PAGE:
Story last updated at 2/11/2009 - 11:39 am
Gus Van Sant's "Milk" is a lively biopic of slain gay politician Harvey Milk, one that mostly avoids the "this happened, then that happened" routineness of many of its ilk.
Much of that credit has to go to Van Sant's collaboration with star Sean Penn, who seems much more alive here than in his recent run of tormented anti-heroes, as gruelingly believable as they were. As Milk, Penn is funny, flirty and flawed, and there's a spark to his character that makes him just pop from the screen -- he's able to conjure up a whole inner life for his character. He comes alive.
Milk was shot 30 years ago by politician Dan White, who had served with him as a city supervisor in San Francisco. White pulled a gun on Milk after shooting Mayor George Moscone, an event that Van Sant gets to in the film's opening minutes before circling back to it, inevitably.
The film nimbly shows Milk's unlikely journey from 40-year-old closeted New Yorker to the country's first openly gay politician, one who greeted his supporters, with a bullhorn, as "my fellow degenerates."
It details his efforts to work against anti-gay activist Anita Bryant (in archival footage) and to work with and against White, whom he teased on TV: "Dan and I are in bed together, politically speaking."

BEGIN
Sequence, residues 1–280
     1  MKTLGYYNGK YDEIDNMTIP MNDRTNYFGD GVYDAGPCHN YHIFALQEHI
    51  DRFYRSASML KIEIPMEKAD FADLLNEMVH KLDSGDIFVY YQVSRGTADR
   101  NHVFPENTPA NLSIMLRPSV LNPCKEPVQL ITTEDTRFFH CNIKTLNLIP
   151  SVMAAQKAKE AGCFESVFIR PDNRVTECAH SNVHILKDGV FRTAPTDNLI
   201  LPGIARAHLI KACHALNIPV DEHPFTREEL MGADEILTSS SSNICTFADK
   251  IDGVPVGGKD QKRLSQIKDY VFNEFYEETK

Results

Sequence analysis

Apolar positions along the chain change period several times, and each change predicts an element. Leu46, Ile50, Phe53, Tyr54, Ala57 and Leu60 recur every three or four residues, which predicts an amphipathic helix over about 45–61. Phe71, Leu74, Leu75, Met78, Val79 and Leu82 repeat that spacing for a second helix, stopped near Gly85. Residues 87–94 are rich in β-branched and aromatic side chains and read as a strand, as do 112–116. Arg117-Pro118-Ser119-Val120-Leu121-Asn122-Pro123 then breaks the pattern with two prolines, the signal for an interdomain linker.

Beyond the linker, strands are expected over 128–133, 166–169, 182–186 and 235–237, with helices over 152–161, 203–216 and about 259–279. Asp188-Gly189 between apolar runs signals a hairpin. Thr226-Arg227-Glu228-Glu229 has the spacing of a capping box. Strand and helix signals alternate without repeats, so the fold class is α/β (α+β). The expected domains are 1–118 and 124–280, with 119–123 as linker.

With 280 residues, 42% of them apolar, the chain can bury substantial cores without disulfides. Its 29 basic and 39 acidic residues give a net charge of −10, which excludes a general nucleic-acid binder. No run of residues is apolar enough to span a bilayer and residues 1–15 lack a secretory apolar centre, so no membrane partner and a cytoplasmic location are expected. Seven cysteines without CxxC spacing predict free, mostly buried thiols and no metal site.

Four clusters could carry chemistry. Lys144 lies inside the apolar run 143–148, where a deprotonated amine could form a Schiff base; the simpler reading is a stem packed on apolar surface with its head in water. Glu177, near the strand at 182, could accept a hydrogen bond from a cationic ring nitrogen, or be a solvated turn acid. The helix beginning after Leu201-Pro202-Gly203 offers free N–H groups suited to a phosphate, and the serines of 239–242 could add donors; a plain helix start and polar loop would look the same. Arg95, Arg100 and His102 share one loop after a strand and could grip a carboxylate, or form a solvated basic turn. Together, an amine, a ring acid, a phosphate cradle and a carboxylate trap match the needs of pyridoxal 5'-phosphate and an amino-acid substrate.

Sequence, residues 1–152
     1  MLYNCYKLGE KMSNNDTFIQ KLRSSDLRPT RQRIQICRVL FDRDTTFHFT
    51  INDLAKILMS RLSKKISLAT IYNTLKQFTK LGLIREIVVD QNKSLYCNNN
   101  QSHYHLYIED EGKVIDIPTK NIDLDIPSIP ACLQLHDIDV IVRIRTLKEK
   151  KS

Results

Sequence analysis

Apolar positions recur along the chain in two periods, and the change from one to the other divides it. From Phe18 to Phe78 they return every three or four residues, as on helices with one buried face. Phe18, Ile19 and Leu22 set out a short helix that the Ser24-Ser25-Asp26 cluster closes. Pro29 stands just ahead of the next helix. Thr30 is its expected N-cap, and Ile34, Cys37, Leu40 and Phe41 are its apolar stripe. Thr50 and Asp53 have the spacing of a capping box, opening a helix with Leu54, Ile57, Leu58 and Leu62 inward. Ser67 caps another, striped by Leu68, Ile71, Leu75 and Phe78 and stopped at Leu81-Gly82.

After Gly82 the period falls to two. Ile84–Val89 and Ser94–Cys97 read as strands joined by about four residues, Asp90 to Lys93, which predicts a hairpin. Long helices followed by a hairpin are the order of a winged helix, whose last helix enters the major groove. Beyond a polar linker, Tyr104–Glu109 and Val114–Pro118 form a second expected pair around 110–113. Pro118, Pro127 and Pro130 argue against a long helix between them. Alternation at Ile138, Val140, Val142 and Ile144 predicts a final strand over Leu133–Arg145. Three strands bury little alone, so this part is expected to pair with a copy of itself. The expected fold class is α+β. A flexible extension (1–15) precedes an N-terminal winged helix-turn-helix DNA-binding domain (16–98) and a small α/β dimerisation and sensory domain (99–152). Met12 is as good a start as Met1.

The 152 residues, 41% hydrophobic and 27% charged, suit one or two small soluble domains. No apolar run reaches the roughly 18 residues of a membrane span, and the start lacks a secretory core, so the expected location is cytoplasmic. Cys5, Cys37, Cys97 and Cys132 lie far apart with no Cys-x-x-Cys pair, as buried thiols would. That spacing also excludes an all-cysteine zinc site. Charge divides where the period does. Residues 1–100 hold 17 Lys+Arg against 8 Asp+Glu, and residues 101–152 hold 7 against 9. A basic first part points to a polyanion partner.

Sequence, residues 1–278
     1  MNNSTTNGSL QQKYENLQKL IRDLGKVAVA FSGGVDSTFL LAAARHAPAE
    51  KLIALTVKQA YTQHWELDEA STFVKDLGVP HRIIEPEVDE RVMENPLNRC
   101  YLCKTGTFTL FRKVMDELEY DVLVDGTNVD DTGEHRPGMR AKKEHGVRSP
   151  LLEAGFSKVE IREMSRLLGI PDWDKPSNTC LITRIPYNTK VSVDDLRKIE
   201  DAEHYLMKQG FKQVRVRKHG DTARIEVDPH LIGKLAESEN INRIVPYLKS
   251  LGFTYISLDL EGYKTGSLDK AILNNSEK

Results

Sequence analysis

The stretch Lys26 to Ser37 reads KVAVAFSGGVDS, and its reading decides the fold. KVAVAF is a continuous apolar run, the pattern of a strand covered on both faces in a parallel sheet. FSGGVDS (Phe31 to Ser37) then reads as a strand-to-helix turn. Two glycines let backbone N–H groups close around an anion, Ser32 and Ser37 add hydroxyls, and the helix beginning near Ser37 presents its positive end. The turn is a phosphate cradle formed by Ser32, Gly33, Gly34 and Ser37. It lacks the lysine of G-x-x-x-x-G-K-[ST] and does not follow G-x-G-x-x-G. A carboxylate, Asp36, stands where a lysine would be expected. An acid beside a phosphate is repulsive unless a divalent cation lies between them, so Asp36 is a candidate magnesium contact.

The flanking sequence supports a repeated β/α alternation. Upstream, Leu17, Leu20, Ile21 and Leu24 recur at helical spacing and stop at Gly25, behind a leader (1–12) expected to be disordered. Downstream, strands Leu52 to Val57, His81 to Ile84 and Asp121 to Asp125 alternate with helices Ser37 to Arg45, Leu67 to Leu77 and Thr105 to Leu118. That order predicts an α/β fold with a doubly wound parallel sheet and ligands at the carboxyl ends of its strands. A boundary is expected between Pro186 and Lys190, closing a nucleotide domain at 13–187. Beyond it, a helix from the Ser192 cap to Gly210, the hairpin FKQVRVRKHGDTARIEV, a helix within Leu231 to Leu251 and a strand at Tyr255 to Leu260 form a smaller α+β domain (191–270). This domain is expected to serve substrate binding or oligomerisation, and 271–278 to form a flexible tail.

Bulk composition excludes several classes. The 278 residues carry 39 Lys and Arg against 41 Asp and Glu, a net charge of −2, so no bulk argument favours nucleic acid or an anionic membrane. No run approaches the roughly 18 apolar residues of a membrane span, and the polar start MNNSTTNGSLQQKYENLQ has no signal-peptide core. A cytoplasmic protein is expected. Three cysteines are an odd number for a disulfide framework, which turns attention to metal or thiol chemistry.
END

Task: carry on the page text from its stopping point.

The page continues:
White was old-school San Francisco, working class and conservative, uneasy with the changes in the city, and Josh Brolin plays him with humanity and subtlety. To be sure, you never quite understand why he would go to such desperate steps. His lawyers, as you might recall, argued that it was because of eating Twinkies.
Watch also for James Franco as Milk's longtime boyfriend and Emile Hirsch as a former street hustler who became a guardian of his legacy. Both have the curly perms of the time.
Milk doesn't avoid quite all the trappings of the biopic. Milk may indeed have said, "40 years old, and I haven't done a thing I'm proud of," and "I'll never make it to 50," but it still feels awfully literal when seen here.
However, the movie's framing device - Milk sitting at a kitchen table, recording his thoughts for posterity in the event of his assassination - is based on reality. It's chillingly effective.
"Milk" is opening wider this week about two months after it opened in parts of the country. Last week, of course, it got eight Oscar nominations, including ones for Penn, Brolin, Van Sant, screenwriter Dustin Lance Black and for Best Picture overall.